Hungary set to produce and arm its forces with German Panther KF51 ‘super tank’

By John Cody
3 Min Read

The Hungarian government has reportedly agreed “in principle” with Germany’s Rheinmetall weapons producer on the development, production and commissioning of the KF51 Panther tank in Hungary. If the deal goes through as expected, Hungary would be the first in the world to equip its forces with the advanced battle tank, even ahead of Germany’s own Bundeswehr, which is expected to stick with the Leopard 2 tank..

The Panther main battle tank has been presented by Rheinmetall CEO Armin Papperger as the successor to the Leopard 2 tank, which is also produced by Rheinmetall. The move would provide Hungary’s armed forces a major boost, giving first access to a tank being described as a digital “super tank.”

Papperger, however, stated last year that the Panther tank still requires a number of upgrades, including a new chassis. The tank is expected to be manufactured and developed in Hungary, and the Hungarian government is also investing €300 million into the project.

In a separate interview with NDR, Papperger stated that the Panther should be ready for mass production within 15 months.

According to German media outlet Handlesblatt, the Panther will outshine the Leopard 2 in some areas, including its electronics system, which will feature a drone control interface. Cost will also be a factor, with a Panther KF51 costing only $15 million, which is one-third the price of a new Leopard 2.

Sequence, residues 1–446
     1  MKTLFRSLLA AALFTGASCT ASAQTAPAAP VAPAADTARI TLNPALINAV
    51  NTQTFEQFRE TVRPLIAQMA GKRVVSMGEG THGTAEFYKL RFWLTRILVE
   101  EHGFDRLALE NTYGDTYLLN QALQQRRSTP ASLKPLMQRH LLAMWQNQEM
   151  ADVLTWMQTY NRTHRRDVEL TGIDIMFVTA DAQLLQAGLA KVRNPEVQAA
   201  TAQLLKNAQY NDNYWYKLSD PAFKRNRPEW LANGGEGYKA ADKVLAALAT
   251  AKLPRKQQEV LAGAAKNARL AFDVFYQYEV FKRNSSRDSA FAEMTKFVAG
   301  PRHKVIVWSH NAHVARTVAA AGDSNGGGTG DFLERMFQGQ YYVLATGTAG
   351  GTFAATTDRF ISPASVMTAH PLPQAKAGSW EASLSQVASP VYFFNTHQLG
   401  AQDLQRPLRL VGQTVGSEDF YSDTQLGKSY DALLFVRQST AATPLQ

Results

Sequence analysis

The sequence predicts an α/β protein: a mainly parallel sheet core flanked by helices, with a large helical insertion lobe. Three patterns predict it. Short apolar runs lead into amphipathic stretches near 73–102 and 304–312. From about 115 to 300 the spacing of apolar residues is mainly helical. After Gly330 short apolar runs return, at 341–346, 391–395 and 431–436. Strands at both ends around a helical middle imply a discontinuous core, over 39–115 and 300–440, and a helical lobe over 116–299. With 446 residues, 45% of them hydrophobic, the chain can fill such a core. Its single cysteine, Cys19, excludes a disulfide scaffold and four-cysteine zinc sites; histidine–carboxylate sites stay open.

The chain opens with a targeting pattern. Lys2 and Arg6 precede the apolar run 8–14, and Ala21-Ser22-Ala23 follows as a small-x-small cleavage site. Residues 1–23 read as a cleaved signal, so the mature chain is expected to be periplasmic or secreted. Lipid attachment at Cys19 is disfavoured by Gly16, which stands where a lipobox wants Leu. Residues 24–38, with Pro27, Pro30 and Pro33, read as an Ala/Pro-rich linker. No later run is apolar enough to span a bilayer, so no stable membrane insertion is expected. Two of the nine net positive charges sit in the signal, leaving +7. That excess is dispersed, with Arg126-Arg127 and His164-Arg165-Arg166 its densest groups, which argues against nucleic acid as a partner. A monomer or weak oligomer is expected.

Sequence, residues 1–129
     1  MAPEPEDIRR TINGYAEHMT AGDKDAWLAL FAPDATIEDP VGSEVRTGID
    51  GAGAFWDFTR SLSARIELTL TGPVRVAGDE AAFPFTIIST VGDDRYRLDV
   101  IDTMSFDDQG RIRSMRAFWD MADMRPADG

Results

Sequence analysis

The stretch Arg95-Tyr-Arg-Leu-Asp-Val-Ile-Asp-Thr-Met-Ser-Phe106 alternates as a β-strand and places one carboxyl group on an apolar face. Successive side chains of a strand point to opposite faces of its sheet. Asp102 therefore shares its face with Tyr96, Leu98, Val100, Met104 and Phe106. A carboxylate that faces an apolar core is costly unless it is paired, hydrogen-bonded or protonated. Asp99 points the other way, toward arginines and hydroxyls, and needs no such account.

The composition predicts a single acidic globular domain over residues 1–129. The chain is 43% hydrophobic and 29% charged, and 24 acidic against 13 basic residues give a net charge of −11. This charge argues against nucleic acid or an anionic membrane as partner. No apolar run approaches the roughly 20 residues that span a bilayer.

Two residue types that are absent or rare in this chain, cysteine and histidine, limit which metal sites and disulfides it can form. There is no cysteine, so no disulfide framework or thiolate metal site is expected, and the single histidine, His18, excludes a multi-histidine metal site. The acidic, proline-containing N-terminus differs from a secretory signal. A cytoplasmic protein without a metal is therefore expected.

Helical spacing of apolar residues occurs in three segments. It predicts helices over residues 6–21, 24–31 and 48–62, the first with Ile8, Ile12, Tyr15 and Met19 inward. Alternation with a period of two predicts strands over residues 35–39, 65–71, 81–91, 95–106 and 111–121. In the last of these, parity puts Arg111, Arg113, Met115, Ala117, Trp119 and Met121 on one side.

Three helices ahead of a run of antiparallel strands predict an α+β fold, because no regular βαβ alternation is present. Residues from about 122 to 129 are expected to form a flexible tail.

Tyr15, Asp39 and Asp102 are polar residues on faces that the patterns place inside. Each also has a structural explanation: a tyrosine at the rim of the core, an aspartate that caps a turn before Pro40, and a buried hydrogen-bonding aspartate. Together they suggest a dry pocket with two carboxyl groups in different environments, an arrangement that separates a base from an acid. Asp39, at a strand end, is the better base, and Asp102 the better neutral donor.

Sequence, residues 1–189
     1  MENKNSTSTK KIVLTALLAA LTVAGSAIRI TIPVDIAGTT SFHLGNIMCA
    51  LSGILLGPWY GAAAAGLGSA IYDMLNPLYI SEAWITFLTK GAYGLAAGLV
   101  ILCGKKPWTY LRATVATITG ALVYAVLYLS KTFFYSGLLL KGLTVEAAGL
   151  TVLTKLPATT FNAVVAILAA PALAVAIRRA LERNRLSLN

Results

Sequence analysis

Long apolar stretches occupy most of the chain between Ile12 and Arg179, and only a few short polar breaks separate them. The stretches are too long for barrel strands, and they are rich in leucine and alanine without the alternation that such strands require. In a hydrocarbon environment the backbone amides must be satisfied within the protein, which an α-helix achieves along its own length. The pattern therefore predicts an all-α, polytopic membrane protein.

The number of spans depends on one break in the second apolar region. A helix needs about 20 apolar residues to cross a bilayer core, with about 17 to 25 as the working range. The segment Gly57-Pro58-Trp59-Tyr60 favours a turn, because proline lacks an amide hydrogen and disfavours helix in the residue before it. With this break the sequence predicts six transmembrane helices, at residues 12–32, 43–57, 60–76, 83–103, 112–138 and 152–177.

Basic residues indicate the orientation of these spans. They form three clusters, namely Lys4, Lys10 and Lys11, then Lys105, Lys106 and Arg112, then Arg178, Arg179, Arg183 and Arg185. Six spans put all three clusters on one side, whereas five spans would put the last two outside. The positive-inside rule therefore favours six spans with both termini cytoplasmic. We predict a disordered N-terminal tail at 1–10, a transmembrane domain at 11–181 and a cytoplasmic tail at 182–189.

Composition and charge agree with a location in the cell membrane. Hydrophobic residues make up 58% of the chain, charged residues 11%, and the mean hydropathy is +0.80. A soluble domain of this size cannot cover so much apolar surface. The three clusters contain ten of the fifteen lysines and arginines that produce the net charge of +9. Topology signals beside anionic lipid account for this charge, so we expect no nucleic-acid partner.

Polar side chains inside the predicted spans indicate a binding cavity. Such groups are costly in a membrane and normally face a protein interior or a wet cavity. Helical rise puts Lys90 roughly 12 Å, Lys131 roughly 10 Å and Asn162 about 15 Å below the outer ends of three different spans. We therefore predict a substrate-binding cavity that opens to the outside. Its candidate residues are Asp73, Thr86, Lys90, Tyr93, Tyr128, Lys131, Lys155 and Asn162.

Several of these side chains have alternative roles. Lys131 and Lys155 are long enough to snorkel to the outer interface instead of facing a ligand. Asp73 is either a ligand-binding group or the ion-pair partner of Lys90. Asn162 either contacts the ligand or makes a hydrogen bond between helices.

The Leopard also features a smaller gun, at 120-millimete, whereas th Panther will feature a larger-sized 130-millimeter gun. Due to the larger ammunition – especially their length and weight – the manufacturer would switch to an automatic loading system instead of the manual loading system common in NATO. There is speculation that the loader will then be replaced with a drone operator, who can guide the tank, scout out enemies, and direct fire. Not only would the tank have a drone launcher, but could also launch missiles from a bay, which could be guided to targets behind cover.

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